Retail investors close to steady at $885.8 billion, a decrease of $390 million. But institutional investors pulled $11.9 billion out of money funds.
Since the beginning of March, institutions in fact have pulled $74.4 billion from money funds, according to ICI statistics.
The pullout comes as the Securities and Exchange Commission weighs a second round of post-credit crisis reforms of the money fund industry.
The federal regulator is considering a proposal to let the net asset value of shares in such funds fluctuate daily. A stable $1 a share value has been a bedrock of the industry, helping money funds compete with banks for deposits by large institutions.
A second proposal may be a combination of capital buffers and limits on redemptions. The staff of the New York Federal Reserve Bank Thursday indicated it was in favor of a limit on money fund withdrawals.
The ICI, which represents the mutual fund industry, opposes both proposals.
A floating net asset value “will undermine the core features of money market funds that investors seek—stability, liquidity, and convenience,’’ contends ICI’s chief executive Paul Schott Stevens. “They will drive retail investors back to the fixed, low rates paid by banks…institutional investors to less regulated, higher-risk alternatives…and fund companies out of the business.’’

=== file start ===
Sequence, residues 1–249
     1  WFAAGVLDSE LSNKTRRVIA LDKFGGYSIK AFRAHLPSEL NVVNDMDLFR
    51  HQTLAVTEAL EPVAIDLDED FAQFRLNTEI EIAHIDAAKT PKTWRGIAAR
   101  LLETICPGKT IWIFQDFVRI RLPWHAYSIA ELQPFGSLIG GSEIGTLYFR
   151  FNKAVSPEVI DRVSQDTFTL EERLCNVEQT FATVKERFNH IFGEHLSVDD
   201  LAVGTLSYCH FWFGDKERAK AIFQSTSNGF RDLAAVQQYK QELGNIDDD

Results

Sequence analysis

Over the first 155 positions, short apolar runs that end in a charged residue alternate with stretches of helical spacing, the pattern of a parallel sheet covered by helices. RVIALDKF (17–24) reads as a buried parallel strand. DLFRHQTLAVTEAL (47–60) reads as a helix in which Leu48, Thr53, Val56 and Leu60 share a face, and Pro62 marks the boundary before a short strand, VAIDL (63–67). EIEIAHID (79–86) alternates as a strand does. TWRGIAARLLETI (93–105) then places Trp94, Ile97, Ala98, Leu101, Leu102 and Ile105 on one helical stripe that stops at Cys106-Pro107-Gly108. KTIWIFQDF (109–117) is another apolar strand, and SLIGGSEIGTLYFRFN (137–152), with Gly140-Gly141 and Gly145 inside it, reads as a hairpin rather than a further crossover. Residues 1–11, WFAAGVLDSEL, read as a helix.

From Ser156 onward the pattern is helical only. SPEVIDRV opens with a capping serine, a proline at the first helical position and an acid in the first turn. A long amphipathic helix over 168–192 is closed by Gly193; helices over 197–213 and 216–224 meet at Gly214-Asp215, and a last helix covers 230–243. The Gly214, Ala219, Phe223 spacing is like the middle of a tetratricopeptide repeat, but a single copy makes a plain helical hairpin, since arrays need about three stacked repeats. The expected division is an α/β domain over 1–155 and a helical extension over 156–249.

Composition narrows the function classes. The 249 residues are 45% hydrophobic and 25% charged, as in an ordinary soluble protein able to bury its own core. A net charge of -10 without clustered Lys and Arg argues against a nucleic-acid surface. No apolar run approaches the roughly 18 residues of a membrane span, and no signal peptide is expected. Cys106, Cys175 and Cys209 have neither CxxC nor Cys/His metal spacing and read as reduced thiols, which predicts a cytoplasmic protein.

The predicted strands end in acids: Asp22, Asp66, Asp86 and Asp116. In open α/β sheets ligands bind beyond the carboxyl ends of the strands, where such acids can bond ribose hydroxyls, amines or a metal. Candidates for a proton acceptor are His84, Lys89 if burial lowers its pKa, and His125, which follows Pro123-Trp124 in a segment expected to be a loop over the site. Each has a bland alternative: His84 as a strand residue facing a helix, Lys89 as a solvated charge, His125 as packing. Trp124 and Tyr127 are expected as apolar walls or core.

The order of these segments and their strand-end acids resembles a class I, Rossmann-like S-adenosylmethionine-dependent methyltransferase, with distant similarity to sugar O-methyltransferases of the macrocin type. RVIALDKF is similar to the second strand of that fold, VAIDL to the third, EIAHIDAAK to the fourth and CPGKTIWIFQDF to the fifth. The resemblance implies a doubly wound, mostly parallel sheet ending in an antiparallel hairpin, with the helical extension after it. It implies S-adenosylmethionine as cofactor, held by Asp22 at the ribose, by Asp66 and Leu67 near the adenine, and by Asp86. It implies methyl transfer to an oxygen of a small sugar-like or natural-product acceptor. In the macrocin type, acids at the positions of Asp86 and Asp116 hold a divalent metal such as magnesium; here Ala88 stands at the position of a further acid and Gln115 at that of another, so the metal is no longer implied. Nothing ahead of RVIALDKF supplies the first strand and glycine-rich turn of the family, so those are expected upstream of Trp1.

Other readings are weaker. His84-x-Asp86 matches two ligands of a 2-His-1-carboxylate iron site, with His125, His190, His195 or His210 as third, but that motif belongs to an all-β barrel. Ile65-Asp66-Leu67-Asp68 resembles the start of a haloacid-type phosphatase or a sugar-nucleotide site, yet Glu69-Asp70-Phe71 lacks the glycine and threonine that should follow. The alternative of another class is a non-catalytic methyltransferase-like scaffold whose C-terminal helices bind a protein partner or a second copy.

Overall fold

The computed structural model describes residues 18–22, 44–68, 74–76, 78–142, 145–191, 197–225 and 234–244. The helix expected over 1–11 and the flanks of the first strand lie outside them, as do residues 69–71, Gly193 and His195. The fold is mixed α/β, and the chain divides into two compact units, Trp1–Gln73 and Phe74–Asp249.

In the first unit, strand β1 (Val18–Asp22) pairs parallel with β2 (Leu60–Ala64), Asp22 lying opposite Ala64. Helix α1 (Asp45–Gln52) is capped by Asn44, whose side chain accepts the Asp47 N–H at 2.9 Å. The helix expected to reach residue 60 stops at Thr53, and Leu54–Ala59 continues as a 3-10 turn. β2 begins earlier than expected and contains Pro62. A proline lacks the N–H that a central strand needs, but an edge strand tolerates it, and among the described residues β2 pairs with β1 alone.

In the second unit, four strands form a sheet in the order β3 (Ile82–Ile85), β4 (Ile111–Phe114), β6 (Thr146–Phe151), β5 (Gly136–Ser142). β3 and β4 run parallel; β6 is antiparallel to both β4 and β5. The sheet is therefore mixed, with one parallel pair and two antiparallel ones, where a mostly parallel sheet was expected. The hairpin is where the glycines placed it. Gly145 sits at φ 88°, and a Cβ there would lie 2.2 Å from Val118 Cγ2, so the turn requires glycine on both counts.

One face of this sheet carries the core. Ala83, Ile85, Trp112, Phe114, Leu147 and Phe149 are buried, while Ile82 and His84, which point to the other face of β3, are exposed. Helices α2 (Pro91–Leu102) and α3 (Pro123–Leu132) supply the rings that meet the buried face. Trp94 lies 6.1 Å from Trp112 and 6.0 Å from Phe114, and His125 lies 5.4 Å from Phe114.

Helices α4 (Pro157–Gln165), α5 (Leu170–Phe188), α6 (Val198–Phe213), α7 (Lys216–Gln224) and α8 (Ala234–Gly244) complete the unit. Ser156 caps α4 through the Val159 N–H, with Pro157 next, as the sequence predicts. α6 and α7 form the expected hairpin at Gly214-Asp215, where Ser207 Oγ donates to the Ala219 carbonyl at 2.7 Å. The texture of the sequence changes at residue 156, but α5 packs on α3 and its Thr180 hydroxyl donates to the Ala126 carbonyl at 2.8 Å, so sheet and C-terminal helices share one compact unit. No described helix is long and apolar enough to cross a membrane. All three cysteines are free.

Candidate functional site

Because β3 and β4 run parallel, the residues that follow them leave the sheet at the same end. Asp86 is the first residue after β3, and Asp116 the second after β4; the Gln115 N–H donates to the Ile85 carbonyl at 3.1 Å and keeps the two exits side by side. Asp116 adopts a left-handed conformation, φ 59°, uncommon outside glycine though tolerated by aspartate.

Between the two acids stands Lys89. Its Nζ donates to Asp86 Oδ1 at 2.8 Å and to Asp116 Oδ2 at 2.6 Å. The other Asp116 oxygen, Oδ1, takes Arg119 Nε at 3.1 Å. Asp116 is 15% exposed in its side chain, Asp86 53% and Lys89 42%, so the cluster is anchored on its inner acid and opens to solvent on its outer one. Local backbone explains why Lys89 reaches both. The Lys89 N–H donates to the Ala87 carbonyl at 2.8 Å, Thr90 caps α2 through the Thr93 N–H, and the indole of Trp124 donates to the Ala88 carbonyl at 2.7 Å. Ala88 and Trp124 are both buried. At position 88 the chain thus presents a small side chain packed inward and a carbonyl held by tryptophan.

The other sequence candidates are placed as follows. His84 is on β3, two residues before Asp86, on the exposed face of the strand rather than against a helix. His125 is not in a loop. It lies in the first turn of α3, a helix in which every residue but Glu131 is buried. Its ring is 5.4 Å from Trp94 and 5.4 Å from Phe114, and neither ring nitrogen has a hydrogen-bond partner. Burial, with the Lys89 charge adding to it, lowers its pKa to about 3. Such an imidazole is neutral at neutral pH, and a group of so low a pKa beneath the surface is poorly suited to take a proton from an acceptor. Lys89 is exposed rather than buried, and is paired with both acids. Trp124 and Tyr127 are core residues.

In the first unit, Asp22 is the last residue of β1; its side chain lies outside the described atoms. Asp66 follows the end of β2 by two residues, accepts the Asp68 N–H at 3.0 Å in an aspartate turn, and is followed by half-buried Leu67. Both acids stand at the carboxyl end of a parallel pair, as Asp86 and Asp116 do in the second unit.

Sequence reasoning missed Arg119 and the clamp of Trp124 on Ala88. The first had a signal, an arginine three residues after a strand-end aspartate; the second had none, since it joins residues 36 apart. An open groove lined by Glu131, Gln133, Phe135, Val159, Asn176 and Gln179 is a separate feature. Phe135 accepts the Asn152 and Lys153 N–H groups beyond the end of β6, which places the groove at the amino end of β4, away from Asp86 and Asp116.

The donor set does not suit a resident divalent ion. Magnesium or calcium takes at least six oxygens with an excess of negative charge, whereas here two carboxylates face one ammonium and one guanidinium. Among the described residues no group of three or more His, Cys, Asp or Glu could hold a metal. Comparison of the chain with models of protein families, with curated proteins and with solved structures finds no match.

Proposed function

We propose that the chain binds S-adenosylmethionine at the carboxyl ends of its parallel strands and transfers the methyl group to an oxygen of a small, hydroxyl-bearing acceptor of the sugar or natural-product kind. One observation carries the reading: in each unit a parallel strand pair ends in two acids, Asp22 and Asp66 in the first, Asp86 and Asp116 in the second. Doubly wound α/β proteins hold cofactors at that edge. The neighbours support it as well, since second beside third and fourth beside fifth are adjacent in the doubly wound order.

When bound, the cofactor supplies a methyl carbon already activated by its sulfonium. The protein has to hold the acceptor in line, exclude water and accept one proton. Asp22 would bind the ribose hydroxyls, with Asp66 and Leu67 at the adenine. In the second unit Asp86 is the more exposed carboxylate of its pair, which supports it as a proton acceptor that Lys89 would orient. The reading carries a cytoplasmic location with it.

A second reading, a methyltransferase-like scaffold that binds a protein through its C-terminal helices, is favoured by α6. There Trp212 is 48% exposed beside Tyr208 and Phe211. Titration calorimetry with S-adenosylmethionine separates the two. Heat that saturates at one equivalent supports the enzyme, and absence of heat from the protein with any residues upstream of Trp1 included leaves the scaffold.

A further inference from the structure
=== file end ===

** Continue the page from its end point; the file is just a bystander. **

And capital buffers?
”The cost of building or paying for capital buffers would come from investors’ yields—yields that have been near zero for more than 30 months,’’ in his view.
A first set of reforms came in 2010, in the wake of the “breaking of the buck” – the $1 a share net asset value – by the Reserve Primary Fund. That came in September 2008, as Lehman Brothers went under in the eruption of the mortgage-backed credit crisis.
The Reserve fund found itself holding too many Lehman Brothers assets that plunged in value.
Total net assets of money market mutual funds have fallen 33.7% since the end of 2008 to $2.54 trillion, according to ICI’s statistics.